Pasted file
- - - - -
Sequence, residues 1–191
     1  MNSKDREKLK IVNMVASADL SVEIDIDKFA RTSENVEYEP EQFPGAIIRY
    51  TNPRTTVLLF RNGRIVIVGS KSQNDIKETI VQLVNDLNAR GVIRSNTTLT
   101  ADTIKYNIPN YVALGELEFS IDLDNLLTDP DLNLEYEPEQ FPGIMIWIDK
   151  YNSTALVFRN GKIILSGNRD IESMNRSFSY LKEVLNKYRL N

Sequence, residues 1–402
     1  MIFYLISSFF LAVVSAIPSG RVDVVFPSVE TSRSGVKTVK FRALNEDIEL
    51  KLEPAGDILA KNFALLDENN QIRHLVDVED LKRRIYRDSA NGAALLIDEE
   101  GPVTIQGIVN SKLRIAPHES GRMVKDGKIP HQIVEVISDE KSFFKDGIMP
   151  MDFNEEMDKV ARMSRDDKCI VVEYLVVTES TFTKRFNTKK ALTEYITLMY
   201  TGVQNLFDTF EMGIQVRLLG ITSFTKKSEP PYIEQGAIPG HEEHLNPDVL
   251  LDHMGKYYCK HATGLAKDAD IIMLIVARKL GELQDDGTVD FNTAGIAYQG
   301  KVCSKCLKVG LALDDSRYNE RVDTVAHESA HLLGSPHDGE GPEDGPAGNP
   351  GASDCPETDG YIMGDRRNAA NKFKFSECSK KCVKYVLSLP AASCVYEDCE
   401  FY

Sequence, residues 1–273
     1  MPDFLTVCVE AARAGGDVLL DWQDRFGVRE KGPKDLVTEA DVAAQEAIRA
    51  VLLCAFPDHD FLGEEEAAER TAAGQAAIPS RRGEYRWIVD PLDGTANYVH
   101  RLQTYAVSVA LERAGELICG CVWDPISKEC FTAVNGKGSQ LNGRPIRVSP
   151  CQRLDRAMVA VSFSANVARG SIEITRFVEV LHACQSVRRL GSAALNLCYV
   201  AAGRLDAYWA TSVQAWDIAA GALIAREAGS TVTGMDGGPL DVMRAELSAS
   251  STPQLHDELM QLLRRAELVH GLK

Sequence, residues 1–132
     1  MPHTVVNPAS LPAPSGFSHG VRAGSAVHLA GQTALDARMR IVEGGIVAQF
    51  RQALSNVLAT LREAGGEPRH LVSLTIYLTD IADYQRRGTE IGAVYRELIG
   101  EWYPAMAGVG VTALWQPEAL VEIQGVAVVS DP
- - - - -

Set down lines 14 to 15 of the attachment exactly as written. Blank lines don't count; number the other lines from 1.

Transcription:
   351  GASDCPETDG YIMGDRRNAA NKFKFSECSK KCVKYVLSLP AASCVYEDCE
   401  FY